NASA launched the new ROVER ‘Curiosity’ successfully, as it heads on the long journey to the Red Planet. The journey will take eight and a half months, traveling a staggering 354 million miles.
The robot craft is part of a huge $2.5 billion Mars Science Laboratory mission and Pete Theisinger of NASA’s Jet Propulsion Laboratory in California said “We are in cruise mode, Our spacecraft is in excellent health, and it’s on its way to Mars.” If you are interested you can watch a video on the launch over here.
The craft is set to analyse the planet, ascertaining if it could, or could ever have supported life. It has taken since 2003 for this launch to be realised, with the team failing to meet the original deadline in 2009. The extra two years of preparation and development has meant that the project cost increased by 56 percent.
The launch however has been a great success and Theisinger said it was a great day. However, the launch is only part of a journey filled with potential disasters – over a two year period. He added “We all recognize that this is the prologue to the mission — necessary, but not sufficient. We all have our work cut out for us in the next eight and a half months.”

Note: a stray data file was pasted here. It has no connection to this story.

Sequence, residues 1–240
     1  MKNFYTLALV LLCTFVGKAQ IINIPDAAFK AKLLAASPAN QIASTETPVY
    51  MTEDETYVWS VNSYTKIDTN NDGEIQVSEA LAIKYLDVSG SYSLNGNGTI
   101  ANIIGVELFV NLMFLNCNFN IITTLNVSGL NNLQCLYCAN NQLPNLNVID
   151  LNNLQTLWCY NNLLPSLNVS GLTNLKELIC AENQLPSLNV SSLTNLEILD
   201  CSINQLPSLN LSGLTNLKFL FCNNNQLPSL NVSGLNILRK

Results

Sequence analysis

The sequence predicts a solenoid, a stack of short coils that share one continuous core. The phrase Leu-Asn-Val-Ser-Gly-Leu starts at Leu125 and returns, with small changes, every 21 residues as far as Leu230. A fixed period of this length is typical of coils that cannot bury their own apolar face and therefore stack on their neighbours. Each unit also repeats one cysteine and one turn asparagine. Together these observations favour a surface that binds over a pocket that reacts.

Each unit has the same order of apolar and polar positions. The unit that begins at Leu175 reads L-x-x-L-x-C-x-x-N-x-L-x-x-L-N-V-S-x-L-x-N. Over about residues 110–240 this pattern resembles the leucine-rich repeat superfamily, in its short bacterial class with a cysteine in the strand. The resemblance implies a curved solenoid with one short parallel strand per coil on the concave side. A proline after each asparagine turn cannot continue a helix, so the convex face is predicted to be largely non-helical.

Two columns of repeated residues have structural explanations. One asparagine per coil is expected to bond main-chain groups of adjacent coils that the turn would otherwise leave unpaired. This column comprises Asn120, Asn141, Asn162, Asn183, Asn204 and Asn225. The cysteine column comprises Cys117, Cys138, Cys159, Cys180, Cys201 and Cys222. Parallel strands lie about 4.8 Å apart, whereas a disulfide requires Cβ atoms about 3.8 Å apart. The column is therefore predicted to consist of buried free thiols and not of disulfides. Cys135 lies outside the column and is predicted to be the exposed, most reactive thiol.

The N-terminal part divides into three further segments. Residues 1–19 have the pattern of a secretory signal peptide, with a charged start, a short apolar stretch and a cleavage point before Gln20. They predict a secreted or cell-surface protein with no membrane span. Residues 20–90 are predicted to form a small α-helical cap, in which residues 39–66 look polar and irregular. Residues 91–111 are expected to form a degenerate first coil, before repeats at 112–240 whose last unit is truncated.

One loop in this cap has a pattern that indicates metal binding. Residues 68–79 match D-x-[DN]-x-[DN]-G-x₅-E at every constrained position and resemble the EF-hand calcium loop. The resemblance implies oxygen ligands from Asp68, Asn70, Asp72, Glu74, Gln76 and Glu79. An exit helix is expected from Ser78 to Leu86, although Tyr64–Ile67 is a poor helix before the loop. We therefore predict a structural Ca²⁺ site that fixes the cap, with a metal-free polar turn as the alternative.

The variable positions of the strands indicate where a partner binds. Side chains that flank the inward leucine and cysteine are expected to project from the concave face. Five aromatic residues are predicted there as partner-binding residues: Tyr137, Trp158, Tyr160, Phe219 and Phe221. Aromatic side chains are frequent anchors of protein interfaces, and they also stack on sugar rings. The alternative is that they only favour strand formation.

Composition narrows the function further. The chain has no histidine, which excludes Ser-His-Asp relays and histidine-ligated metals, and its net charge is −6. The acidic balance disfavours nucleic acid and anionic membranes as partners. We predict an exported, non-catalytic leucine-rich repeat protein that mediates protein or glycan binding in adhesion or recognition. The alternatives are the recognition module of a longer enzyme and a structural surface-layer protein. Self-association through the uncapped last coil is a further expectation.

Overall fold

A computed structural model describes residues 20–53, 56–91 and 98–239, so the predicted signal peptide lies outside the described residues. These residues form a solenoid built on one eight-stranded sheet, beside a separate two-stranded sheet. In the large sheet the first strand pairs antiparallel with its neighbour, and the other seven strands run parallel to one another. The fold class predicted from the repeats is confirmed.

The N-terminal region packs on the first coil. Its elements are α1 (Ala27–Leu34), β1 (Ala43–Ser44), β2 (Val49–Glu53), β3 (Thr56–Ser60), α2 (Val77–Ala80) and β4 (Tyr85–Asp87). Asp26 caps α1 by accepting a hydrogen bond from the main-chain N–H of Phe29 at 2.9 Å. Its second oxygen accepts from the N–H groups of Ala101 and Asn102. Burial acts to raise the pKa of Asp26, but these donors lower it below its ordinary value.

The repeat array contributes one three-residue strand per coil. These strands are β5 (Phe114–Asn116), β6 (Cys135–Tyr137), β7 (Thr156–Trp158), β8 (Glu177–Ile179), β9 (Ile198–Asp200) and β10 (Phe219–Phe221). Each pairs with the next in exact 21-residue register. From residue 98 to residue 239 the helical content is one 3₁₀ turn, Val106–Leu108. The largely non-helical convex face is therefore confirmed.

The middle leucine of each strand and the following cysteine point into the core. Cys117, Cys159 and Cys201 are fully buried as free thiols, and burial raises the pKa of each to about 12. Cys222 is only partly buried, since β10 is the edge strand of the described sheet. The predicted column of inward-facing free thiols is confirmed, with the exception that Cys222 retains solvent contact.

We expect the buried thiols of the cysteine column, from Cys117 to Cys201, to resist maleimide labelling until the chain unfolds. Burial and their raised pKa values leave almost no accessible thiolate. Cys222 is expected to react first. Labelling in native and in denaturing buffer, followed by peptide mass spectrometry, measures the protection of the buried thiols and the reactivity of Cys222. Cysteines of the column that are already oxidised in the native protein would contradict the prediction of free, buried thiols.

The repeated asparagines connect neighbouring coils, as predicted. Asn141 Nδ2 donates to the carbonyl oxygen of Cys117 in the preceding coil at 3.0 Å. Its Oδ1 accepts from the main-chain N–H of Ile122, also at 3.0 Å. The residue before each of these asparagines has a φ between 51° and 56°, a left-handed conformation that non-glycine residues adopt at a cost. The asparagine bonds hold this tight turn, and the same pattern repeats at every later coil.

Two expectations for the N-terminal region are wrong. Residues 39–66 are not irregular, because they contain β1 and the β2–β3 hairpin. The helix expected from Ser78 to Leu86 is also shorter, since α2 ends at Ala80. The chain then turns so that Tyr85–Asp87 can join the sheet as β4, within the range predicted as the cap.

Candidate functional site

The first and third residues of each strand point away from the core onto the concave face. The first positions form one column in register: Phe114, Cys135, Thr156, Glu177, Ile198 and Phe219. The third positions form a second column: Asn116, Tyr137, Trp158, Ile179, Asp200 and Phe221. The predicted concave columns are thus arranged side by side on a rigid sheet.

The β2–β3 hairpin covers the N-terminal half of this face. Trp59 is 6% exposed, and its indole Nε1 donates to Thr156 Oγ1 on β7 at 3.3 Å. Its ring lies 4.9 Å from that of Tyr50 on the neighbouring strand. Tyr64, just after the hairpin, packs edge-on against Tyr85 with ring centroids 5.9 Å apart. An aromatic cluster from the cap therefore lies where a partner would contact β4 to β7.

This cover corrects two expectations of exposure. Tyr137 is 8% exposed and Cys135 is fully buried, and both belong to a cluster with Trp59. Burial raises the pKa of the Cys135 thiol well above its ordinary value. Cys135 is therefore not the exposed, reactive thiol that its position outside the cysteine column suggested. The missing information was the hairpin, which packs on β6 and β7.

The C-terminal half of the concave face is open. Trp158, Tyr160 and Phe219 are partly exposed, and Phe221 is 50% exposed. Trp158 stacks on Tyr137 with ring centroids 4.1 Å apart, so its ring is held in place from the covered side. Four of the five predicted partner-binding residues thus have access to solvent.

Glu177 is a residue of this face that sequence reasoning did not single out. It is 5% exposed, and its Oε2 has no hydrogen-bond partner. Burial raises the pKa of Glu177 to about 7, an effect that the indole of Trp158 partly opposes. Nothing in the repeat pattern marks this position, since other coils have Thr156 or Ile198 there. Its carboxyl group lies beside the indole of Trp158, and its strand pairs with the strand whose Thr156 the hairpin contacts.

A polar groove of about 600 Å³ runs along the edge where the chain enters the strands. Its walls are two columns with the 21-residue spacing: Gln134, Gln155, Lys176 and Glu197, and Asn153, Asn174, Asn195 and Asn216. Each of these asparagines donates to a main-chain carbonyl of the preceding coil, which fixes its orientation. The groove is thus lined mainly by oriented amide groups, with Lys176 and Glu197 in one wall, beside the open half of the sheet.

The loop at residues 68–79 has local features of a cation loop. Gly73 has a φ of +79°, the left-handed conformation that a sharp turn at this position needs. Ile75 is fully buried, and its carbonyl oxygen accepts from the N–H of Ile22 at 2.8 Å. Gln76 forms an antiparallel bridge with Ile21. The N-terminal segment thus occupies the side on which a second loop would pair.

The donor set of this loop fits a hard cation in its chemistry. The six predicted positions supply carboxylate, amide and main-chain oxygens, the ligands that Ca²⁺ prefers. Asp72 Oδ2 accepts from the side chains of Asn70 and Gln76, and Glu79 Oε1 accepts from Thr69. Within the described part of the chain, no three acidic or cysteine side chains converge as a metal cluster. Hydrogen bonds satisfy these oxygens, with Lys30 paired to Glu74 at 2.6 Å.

Curiosity should touch down in August next year, with scientists busy every step of the way, correcting the flight path and preparing engineering tests. They have to stage ’10 separate operational readiness tests’ over the next eight and a half months, preparing for any problems that can occur during the flight.
John Grotzinger, spoke to Space.com saying “You’re basically just kicking the tires and trying to shake it all out”. The craft will land at the 100 mile wide Gale Crater. A mountain of sediment rises 3 miles into the air at this location, a prime investigation point for Curiosity.
The landing phase of the journey is one of the most nervewrecking stages of the journey as Curiosity is lowered by cables to the surface, by a rocket powered sky crane. It has proven troublesome and time consuming but the team are confident it will work, they are continuing to analyse the landing over the next 8 months.
Kitguru says: We hope it is a success, the findings could be groundbreaking.